Sunday, May 16, 2010

Freeways to Parks


Check out the ambitious and what one city council member called a "visionary" plan under consideration to "cap" a portion of the Hollywood Freeway and build a park on top.  The proposal seems feasible as the highway is cut below grade in this section, so the proposed park would replace street level paths and restore neighborhood connections that were severed when the freeway was constructed 60 years ago.  A similar plan is being proposed for the portion of the 101 Freeway that cuts through the oldest part of downtown LA, which would also serve to re-connect historic Olvera Street and Chinatown with the Civic Center and the downtown business district.    

Apart from objections to feasibility and cost, it is hard to see why anyone would oppose such proposals, as they would undeniably make these densely-populated parts of the city much more pleasant and livable, as well as making all of the surrounding property much more valuable, at the price of forcing cars to travel under tunnels for a small part of their journey. Similar plans have been successfully implemented in Seattle's Freeway Park, Boston's Big Dig, and Chicago's Millenium Park.  In New York City, an unused elevated railway was successfully converted to the High Line park.  

My question is whether these proposals are ambitious enough.  Instead of building decks over freeways, imagine the possibilities of simply dumping the dirt directly on top of the freeway.  Instead of placing a park on top of a freeway, imagine replacing the entire freeway with a park.  The Hollywood Freeway represents a hideous scar through the Cahuenga Pass and Hollywood.  And it doesn't work all that well as a transportation system. In fact, the Hollywood Freeway has the dubious honor of being ranked as the #1 worst commute in America. From personal experience, I can testify that in rush hour it is usually faster to take surface streets from Hollywood to downtown, as the Hollywood Freeway often resembles a giant parking lot.  Another alternative to the freeway is a quick commute downtown via the Red Line subway, which travels the same route often at greater speed.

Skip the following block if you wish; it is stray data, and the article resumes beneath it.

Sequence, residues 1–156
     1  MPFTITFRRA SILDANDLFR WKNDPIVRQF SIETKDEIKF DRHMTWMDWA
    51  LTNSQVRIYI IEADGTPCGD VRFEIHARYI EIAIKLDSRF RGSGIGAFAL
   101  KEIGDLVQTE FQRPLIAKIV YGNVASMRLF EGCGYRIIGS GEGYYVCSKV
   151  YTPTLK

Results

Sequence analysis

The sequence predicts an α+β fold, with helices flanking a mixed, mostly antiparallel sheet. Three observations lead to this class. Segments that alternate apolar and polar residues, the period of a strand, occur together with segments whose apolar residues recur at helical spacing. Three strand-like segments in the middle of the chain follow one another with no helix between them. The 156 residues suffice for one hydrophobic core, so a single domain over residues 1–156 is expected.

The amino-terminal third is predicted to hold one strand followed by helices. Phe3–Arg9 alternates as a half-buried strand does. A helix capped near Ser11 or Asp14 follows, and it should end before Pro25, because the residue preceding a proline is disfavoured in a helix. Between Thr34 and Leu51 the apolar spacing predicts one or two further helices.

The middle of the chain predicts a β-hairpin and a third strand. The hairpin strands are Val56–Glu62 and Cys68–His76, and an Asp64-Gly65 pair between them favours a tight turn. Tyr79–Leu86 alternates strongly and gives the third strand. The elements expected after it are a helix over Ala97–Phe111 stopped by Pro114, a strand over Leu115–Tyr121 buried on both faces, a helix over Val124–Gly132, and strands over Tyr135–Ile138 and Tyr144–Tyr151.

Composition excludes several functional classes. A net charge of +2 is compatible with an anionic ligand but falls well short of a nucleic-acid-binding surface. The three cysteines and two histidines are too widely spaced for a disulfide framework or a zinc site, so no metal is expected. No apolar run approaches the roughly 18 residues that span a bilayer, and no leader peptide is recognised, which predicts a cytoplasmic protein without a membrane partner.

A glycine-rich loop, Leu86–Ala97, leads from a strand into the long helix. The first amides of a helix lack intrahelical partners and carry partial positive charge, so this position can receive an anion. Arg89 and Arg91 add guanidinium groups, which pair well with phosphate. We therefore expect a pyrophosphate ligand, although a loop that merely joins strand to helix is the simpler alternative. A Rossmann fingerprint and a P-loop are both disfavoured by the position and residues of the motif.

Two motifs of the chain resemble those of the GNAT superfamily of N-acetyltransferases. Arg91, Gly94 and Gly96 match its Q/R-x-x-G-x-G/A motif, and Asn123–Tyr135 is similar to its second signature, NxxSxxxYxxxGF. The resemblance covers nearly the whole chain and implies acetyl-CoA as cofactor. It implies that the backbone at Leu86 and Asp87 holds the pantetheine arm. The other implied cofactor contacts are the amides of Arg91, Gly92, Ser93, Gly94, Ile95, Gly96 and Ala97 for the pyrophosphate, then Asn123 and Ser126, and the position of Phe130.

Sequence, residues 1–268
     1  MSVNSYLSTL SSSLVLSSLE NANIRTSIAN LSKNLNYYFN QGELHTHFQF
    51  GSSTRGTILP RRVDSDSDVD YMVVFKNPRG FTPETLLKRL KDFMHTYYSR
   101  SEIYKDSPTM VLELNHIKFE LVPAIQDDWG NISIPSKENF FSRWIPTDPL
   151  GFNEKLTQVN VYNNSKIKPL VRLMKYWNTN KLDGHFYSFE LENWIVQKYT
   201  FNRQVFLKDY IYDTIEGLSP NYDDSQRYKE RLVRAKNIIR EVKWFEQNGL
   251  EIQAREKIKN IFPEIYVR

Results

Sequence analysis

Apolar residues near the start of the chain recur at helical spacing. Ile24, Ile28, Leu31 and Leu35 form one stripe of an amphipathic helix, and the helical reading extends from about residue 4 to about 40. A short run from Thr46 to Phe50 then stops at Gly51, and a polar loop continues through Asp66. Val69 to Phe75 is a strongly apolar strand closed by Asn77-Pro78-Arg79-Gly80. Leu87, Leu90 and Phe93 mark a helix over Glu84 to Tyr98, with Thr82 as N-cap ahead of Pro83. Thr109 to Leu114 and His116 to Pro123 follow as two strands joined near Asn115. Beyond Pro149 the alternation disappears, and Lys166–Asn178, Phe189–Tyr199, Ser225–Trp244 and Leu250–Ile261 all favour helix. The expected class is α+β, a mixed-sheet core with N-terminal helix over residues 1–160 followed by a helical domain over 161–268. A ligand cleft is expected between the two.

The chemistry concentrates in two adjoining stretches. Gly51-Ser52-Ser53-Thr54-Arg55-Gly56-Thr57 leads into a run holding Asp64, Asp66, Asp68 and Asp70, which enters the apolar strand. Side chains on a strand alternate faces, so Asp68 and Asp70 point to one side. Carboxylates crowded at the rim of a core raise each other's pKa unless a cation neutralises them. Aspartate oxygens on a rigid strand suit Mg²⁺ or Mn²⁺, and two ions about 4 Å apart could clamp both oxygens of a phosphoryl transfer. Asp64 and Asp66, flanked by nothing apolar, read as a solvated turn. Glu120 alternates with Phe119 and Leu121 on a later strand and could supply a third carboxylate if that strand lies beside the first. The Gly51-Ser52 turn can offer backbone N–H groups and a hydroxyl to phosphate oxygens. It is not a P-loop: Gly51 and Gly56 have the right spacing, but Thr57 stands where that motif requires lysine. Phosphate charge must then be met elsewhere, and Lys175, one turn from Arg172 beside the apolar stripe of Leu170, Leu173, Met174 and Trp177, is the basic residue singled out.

On the other hand, on those rare occasions when the traffic is moving, you can get from downtown to the valley via the Hollywood Freeway in about 20 minutes, and most people who take that route frequently would find it almost impossible to imagine closing it off.  But think of the trade-offs.  Instead of an ugly, polluting, congested mass of cars destroying scenic passes and historic neighborhoods, we could have bike paths, green spaces, and lots of other amenities. We could create billions of dollars worth of valuable development property, on some of the most desirable real estate in the city.  We could encourage a lot more people to leave their cars at home, or dispense with the need for a car for commuting, and save tons of oil, money and carbon emissions.  I speak as one who would often be inconvenienced by the loss of the freeway route, but I think the benefits of a more livable and beautiful city would more than make up for that loss.

1 comment:

  1. When I was a child a 'big' family weekend was piling six of us into a little car to visit Olvera Street. Good times!

    In the late 70s and early 80s I drove from Glendale to Overland in West LA, seven days a week at 5:00pm. I learned a lot about patience. You are correct, there has to be a better way.

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